Ivan Lendl and Andy Murray have enjoyed a very successful collaboration over the previous two years. However, in an apparently mutual agreement, the No. 1 British player in the world has decided to part ways with Lendl.
Lendl guided Murray through a wildly successful time in his career, which included titles at both the US Open and Wimbledon. These two victories both came at the expense of Novak Djokovic and ended significant droughts for British players in regard to winning a major or winning at Wimbledon. Murray attempted to explained the value of Lendl as a coach:
“The thing that he was brought in to do was to help me get over the line in the big events, and that’s what he did. My game was kind of there. It was the mental side in dealing with pressure situations that he was there to help with. That was the biggest influence he had on my game. So very hard person to replace, you know. You can’t replace that sort of experience easily.”
Before Lendl got involved in his career, Murray had come close many times, but could not quite turn the corner. It appears Lendl provided the final piece to the puzzle, and their collaboration proved beneficial to both player and coach. It will certainly be difficult to replace the wisdom and experience provided by a legend such as Lendl, a fact Murray readily acknowledges:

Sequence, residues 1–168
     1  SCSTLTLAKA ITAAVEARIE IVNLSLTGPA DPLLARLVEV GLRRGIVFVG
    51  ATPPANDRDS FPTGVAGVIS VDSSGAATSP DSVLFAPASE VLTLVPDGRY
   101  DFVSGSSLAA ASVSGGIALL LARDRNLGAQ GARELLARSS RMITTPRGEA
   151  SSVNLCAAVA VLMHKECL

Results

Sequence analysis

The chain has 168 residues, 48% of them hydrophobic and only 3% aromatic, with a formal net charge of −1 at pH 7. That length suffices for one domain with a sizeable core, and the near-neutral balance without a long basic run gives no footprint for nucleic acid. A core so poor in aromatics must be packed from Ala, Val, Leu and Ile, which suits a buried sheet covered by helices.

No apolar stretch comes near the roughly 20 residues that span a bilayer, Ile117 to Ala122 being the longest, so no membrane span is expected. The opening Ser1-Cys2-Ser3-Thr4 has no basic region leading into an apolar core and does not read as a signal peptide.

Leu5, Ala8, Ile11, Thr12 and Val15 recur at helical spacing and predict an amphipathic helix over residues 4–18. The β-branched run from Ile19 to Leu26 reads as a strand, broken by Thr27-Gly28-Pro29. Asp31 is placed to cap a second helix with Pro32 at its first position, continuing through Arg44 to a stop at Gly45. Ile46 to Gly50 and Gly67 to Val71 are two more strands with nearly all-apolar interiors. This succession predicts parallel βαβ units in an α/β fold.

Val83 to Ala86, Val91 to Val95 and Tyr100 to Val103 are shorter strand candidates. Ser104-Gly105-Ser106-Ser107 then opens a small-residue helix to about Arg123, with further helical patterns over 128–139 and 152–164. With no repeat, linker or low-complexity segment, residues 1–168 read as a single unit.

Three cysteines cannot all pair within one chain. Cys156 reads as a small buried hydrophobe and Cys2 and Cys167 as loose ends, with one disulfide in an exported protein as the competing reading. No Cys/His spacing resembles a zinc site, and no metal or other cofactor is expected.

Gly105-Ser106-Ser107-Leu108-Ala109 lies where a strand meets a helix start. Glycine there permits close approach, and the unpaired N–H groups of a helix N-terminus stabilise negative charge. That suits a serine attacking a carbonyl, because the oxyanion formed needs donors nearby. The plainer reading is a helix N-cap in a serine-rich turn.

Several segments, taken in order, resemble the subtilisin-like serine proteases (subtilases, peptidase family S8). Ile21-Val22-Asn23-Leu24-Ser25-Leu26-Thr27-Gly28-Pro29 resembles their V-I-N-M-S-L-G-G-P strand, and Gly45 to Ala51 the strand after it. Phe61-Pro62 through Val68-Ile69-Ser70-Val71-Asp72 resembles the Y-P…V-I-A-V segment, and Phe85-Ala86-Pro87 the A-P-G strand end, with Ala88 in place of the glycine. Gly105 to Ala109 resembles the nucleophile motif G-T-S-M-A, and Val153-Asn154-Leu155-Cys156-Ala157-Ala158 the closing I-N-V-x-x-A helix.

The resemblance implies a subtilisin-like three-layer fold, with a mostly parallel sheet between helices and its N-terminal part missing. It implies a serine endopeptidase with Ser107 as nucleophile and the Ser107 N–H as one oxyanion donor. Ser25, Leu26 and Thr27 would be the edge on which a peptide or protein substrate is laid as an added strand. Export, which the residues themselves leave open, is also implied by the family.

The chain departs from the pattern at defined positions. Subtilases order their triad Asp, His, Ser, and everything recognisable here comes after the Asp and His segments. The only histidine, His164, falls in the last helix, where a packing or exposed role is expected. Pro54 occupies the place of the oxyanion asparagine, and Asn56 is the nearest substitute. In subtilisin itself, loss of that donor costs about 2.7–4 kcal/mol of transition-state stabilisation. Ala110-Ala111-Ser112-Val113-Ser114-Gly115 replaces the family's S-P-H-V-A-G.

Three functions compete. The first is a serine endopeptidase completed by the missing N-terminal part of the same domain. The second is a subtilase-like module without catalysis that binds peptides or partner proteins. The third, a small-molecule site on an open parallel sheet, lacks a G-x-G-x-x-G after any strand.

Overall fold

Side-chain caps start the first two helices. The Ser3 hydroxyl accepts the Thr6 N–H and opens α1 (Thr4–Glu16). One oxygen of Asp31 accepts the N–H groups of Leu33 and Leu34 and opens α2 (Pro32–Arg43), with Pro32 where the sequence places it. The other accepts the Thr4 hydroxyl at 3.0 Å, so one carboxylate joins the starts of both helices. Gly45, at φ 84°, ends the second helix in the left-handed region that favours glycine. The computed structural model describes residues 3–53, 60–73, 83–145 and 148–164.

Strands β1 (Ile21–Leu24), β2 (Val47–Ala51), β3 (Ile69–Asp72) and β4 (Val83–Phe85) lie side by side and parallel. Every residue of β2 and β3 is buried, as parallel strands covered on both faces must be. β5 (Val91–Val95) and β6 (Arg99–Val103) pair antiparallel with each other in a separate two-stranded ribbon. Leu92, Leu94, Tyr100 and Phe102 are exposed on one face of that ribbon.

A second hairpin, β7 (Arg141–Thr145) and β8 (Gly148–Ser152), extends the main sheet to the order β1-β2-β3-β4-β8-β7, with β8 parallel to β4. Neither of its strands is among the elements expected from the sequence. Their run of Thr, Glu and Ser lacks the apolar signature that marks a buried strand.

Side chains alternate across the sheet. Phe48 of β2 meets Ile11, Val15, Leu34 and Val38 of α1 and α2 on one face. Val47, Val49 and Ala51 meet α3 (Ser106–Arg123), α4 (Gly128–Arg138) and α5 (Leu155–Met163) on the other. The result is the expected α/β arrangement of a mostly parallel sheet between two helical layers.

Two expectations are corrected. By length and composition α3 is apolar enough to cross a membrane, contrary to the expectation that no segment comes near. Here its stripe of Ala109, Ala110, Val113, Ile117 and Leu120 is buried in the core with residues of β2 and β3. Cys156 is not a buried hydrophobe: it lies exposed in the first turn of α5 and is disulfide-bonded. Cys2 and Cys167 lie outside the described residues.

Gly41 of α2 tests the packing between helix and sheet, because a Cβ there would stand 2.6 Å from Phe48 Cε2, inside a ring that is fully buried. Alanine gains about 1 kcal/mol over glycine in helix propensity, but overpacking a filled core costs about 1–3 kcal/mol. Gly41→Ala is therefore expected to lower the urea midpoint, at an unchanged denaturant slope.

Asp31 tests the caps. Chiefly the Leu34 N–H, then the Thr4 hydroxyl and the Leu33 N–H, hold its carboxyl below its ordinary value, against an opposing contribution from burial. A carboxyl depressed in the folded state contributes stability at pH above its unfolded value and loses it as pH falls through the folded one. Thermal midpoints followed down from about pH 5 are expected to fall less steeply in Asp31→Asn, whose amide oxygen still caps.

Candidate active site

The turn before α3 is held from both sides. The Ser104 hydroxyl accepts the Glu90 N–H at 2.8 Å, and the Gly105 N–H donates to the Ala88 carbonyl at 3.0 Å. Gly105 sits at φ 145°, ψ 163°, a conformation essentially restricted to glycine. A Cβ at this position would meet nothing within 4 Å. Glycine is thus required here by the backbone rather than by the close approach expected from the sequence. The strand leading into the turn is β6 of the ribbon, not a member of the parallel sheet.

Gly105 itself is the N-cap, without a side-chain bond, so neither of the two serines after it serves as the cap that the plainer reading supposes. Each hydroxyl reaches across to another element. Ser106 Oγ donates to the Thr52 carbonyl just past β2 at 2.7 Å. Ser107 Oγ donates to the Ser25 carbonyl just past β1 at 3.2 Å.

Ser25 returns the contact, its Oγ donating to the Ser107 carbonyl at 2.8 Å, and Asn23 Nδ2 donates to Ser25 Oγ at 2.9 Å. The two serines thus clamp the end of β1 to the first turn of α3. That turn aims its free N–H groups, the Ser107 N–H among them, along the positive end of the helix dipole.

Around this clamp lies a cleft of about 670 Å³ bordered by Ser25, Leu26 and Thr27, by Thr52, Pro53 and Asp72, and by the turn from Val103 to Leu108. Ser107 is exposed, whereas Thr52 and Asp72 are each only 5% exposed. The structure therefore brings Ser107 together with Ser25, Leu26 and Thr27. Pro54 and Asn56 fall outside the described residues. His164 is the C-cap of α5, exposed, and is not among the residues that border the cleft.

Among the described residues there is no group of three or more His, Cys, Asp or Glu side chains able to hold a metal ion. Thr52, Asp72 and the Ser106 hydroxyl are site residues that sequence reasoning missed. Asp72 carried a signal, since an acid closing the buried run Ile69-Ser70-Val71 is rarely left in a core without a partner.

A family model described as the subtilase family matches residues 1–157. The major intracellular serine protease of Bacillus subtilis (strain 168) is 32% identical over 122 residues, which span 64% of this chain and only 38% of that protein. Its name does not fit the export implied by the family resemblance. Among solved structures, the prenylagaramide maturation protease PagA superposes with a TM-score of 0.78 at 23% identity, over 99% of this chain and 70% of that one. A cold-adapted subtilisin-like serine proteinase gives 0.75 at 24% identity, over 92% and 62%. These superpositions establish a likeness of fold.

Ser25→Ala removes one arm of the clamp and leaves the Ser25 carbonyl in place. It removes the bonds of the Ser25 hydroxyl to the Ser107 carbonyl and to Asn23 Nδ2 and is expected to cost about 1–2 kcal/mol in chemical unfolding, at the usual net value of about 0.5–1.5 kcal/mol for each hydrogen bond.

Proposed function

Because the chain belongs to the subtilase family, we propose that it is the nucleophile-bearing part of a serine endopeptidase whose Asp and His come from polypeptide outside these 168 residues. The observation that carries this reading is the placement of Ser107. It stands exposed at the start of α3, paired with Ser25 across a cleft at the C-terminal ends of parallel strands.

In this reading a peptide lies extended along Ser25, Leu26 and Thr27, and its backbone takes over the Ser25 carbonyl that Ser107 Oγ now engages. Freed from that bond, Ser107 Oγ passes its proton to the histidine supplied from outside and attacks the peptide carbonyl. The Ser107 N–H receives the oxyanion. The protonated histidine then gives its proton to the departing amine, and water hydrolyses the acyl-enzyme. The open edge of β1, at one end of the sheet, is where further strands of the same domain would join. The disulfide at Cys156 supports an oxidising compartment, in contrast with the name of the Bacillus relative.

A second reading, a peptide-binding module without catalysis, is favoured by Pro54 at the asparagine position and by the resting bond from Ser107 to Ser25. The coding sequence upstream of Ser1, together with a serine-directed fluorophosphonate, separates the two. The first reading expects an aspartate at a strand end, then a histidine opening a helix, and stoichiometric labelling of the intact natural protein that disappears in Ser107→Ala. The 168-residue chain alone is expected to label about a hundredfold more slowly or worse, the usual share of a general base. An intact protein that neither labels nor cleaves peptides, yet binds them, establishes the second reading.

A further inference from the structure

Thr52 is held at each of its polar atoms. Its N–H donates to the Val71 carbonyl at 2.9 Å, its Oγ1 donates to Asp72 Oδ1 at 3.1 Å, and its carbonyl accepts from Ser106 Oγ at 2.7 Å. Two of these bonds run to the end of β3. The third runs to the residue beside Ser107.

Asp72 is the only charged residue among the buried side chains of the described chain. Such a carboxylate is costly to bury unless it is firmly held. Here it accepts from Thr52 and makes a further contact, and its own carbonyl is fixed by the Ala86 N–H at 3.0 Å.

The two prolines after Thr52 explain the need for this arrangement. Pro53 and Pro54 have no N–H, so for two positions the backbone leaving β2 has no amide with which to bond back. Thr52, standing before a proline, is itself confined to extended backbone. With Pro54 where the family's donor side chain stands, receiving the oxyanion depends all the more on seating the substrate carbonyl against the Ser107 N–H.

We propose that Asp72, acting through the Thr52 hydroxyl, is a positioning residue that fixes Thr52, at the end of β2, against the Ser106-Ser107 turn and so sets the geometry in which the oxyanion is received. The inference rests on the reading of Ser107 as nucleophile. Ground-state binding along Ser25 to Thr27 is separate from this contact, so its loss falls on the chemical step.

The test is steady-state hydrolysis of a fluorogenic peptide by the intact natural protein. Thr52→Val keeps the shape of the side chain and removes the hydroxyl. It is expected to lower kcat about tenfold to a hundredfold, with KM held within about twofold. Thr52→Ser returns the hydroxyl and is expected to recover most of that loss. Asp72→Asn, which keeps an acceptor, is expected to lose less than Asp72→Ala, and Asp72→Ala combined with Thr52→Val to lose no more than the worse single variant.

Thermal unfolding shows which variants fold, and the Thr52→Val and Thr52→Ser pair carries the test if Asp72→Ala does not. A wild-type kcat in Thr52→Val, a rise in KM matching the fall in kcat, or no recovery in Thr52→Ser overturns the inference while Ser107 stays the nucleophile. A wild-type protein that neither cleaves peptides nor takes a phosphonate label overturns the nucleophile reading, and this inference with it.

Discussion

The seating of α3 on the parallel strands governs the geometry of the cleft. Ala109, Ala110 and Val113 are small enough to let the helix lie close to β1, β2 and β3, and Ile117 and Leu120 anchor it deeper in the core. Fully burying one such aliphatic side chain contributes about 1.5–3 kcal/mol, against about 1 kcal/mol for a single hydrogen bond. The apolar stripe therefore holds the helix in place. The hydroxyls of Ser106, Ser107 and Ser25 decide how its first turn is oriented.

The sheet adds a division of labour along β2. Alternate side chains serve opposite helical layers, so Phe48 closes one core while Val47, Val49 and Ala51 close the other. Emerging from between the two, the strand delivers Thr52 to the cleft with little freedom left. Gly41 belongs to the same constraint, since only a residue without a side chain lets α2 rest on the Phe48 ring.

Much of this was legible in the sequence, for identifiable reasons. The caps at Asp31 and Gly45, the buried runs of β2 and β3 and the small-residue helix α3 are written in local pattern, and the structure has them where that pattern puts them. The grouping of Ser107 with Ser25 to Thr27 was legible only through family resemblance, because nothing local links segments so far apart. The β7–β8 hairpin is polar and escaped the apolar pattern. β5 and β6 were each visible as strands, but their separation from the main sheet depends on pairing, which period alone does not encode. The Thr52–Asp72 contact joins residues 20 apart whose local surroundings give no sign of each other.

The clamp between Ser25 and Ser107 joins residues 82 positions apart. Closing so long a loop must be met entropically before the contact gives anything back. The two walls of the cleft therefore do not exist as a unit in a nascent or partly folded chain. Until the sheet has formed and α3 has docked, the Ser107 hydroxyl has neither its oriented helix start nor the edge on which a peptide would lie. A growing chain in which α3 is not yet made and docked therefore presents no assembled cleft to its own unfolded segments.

“It’s a tough one for me because he’s been a big part of my life. He’s been a big part of my team. He made a huge difference to my tennis. I was gutted but I still think the guy is great. It’s not like anything has changed there. I will be disappointed for a few weeks but I need to try to move on.”
It seems Lendl and Murray are parting on amicable terms, and the split does not concern any philosophical differences or conflict of any kind. Apparently it was a question of the amount of time Lendl could devote to the working relationship going forward:
“Ivan completely understands that as well,” said Murray. “That was why we decided to stop working together because it wasn’t going to be of benefit to anyone doing the job half-baked. That’s what Ivan’s like. He will do things properly, he doesn’t want to do it halfway.”
While Lendl will certainly be missed, Murray would like to get a new coach in place as quickly as possible, preferably in time for the French Open in May.
[Image via Dan Istitene/Getty Images]
[Video courtesy of Wimbledon/You Tube]